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Journal Articles

Dependency of the source term estimation method for radionuclides released into the atmosphere on the available environmental monitoring data and its applicability to real-time source term estimation

Terada, Hiroaki; Nagai, Haruyasu; Kadowaki, Masanao; Tsuzuki, Katsunori

Journal of Nuclear Science and Technology, 22 Pages, 2023/00

 Times Cited Count:0

It is essential to establish a method for reconstructing the source term and spatiotemporal distribution of radionuclides released into the atmosphere due to a nuclear accident for emergency countermeasures. We examined the dependency of a source term estimation method based on Bayesian inference using atmospheric dispersion simulation and environmental monitoring data on the availability of various monitoring data. Additionally, we examined the applicability of this method to a real-time estimation conducted immediately after an accident. A sensitivity analysis of the estimated source term during the Fukushima Daiichi Nuclear Power Station (FDNPS) accident for combinations of various monitoring data indicated that using monitoring data with a high temporal and spatial resolution and the concurrent use of air concentration and surface deposition data is effective for accurate estimation. A real-time source term estimation experiment assuming the situation of monitoring data acquisition during the FDNPS accident revealed that this method could provide the necessary source term for grasping the overview of surface contamination in the early phase and evaluating the approximate accident scale. If the immediate online acquisition of monitoring data and regular operation of an atmospheric dispersion simulation are established, this method can provide the source term in near-real time.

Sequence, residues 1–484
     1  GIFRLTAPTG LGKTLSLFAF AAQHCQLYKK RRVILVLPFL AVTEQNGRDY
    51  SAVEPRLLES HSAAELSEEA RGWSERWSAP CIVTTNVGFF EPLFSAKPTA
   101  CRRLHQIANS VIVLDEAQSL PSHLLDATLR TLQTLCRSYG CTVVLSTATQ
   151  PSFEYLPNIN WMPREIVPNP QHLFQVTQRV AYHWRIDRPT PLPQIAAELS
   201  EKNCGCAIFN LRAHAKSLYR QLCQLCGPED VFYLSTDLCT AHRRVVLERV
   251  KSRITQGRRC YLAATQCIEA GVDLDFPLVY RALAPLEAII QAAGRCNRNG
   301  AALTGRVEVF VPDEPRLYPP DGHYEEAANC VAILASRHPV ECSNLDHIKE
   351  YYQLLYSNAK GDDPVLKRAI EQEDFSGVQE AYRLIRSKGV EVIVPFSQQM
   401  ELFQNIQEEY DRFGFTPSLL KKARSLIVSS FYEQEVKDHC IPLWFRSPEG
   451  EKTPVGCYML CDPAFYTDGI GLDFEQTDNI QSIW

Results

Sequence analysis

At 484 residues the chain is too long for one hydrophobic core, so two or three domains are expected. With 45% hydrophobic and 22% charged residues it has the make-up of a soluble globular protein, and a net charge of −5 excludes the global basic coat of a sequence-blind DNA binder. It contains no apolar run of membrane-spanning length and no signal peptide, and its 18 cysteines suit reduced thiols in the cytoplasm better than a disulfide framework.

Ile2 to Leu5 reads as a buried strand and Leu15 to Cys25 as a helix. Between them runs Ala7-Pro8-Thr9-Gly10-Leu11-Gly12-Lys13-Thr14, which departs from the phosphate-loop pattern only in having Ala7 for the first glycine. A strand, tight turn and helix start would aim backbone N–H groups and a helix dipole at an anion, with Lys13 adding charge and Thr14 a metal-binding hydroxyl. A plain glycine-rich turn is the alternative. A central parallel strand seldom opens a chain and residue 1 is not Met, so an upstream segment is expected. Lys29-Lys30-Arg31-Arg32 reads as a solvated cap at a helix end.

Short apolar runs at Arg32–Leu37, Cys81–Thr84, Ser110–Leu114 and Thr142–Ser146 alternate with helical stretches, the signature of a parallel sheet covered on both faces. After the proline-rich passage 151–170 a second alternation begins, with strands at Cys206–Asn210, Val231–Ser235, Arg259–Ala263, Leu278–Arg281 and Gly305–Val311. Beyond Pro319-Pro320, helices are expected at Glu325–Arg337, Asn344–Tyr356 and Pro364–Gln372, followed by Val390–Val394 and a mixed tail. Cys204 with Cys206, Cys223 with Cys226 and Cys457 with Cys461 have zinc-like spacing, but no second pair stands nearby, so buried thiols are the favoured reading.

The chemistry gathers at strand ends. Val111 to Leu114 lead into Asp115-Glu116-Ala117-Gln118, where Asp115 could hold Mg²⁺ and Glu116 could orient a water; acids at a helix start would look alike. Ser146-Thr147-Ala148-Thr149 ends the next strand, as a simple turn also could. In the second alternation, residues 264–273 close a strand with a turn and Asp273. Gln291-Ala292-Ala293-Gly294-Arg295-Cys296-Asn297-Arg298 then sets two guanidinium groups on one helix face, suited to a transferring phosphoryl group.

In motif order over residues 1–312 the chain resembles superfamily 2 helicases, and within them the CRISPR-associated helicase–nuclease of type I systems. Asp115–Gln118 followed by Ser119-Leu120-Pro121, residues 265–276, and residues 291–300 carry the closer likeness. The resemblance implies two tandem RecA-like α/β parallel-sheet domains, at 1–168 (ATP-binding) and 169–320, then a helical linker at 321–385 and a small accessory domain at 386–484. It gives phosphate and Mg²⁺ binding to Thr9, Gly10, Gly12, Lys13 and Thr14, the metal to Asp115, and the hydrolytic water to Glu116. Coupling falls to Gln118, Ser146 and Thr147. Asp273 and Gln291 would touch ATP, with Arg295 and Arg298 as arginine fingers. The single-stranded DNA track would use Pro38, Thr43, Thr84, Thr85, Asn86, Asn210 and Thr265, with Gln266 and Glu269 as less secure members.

Journal Articles

Estimation of children's thyroid equivalent doses in 16 municipalities after the Fukushima Daiichi Nuclear Power Station accident

Suzuki, Gen*; Ishikawa, Tetsuo*; Oba, Takashi*; Hasegawa, Arifumi*; Nagai, Haruyasu; Miyatake, Hirokazu*; Yoshizawa, Nobuaki*

Journal of Radiation Research (Internet), 63(6), p.796 - 804, 2022/11

 Times Cited Count:1 Percentile:0.01(Biology)